The Avenue’s regional premiere of Love Child promises to be nothing if not fast-paced. In this comedic, two-man show, Steven J. Burge and Damon Guerrasio together portray over two dozen characters. Those familiar with The Complete Works of Shakespeare (Abridged), Completely Hollywood and other small-cast, whirlwind shows will find a familiar pace in this one. But Love Child brings a brand new story with a new twist — a play within a play, where the actors are alternating not only between characters onstage, but characters offstage as well (including the mother of one of the performers). With this many layers of comedy, Love Child promises to keep the (real) audience on its toes, chuckling, all night long.
Love Child requires both of the actors to not only play multiple roles, but to switch between them quickly. Steven J. Burge is a veteran at this type of demanding performance, having performed in The Complete Works of Shakespeare (Abridged) and Completely Hollywood, as well as Fully Committed, a one-man show featuring 30-something characters. “In a lot of ways, Love Child is most similar to Fully Committed in that, Damon and I truly are playing multiple people within the same show, whereas with that Complete Works shows, I pretty much played a heightened version of myself, playing super broad caricatures,” says Burge. ” Only, complicating things even further, Love Child is a play within a play, so not only are Damon and I playing multiple people, we’re playing multiple people playing multiple people. It’s crazy.” Damon Guerrasio has also been prepared for this kind of role, but in a different way. “Does ensemble in a musical count?” he asked, when asked whether he had experience playing multiple roles. “Usually, the biggest problem there is trying to get my pants off over my head during a quick costume change without breaking my neck and silmultaneoulsy mowing over the group of child actors waiting in the wings to go on. Fortunately, there are no costume changes in Love Child. There are child actors, however.”
Love Child might be a bit of a whirlwind experience for some audience members. “It’s chaos, certainly,” says Burge, “but it’s organized chaos. Thankfully, our leader, director Nick Sugar, is a genius with this kind of specific, stylized comedy. I think he’s done a fantastic job of helping Damon and me to create clean, sharp moments and clearly defined characters.” Guerrasio agrees that under Sugar’s direction, “the entire rehearsal process has been a really fun ride. Seeing the way Nick puts together “the [musical] numbers” in Love Child with limited means is priceless.”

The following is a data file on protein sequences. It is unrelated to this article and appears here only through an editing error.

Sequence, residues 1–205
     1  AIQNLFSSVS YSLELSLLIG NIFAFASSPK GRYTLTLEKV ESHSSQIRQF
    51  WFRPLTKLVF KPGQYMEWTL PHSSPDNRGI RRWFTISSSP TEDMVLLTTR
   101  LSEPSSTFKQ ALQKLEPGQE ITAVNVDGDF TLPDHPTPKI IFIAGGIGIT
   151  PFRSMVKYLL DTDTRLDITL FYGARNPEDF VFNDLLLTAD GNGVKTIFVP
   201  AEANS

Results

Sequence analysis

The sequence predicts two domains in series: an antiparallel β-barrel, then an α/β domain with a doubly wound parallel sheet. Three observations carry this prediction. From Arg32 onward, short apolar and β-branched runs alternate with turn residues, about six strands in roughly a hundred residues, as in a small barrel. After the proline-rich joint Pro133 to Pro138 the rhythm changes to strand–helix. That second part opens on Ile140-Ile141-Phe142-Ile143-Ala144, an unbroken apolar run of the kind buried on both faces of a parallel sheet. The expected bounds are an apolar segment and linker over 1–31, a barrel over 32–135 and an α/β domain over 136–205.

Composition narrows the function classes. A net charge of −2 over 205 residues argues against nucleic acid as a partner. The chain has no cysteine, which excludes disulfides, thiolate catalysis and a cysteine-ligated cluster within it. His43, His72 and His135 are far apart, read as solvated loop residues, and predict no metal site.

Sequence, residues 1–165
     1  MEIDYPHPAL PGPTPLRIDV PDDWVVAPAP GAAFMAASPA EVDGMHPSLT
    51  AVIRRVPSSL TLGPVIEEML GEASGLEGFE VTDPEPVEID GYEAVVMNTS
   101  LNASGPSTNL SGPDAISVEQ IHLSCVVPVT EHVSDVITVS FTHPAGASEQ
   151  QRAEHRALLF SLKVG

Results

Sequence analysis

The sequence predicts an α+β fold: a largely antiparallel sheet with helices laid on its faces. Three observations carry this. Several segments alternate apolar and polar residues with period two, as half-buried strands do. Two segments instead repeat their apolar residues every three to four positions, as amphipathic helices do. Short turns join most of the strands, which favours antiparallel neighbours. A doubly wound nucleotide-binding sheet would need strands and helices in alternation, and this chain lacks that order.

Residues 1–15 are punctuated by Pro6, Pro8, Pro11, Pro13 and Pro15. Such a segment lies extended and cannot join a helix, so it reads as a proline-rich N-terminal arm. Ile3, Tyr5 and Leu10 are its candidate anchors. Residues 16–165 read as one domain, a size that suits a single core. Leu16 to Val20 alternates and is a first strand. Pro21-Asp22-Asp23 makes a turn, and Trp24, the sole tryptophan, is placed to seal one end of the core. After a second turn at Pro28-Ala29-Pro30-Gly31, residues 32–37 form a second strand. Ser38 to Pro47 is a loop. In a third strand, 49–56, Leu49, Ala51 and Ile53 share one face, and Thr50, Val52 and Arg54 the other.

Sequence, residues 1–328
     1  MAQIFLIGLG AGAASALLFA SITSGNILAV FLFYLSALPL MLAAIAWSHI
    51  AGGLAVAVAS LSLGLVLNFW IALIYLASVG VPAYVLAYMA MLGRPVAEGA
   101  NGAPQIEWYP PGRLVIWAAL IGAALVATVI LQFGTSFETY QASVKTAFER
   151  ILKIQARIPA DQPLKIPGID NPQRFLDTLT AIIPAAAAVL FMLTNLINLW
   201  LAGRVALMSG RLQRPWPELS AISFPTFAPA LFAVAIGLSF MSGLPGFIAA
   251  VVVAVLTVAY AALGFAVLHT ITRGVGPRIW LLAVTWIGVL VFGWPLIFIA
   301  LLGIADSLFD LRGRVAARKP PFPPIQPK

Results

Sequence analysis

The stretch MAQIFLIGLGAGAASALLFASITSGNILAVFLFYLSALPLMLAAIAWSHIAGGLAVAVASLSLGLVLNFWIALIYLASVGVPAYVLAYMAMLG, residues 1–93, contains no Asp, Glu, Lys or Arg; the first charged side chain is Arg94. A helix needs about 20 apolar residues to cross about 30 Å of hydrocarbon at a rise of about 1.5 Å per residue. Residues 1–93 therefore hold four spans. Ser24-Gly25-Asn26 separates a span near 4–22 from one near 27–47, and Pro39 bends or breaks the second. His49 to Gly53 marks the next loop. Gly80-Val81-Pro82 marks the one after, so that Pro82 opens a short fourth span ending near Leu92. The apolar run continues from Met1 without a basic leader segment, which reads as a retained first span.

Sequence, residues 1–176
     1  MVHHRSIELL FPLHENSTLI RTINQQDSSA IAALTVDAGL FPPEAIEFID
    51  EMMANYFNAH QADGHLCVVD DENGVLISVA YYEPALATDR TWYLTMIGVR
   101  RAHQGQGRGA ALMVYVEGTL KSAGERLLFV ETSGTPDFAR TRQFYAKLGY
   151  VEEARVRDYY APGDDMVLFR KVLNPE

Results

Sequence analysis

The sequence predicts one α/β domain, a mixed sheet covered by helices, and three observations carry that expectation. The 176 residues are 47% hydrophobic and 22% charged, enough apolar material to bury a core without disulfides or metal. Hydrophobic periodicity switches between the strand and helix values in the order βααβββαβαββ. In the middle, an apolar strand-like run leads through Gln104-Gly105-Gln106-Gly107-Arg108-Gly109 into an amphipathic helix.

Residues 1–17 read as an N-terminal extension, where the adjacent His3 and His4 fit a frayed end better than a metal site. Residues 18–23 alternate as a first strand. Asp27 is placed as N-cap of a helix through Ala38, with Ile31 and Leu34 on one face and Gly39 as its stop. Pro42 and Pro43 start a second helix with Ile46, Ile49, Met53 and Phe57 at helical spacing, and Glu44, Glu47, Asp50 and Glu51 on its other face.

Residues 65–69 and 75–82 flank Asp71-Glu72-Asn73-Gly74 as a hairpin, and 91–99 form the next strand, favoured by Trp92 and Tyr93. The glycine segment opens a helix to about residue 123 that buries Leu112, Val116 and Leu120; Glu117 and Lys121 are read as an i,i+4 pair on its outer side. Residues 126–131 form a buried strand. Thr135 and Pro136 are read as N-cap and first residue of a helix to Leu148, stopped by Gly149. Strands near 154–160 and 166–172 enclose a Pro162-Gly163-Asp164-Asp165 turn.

Sugar is a regular director at The Avenue, which makes a welcome home for a small-cast, densely comedic show like Love Child. As a regional premiere, this show doesn’t (yet) have street recognition, but The Avenue is all the more willing to take a chance on it. “This theatre is the place to see shows that step outside of the norm,” says Guerrasio. “Everyone at The Avenue work so hard to make it an incredible place to work, a place to let your gaurd down and try.” Burge agrees that Love Child fits right into The Avenue’s repertoire. “Theatre owners and producers Bob Wells and Dave Johnson are both well known comedians and artists, themselves, and I think they have a great propensity for finding quirky, little comedies that are still accessible and appealing to the masses.”
In addition, Burge emphasizes that the show will be more than merely appealing to the audience. “Love Child is like a run-away train,” he says. “Once you’re on, you’re on until that train arrives, safely, or crashes and burns. But that’s why people go to live theatre, right? Because anything can happen? And believe me, between Damon and myself, truly anything could happen with Love Child. It’ll be a little 75-minute adventure, every night. So wish us luck!”
For tickets and info, click the poster below.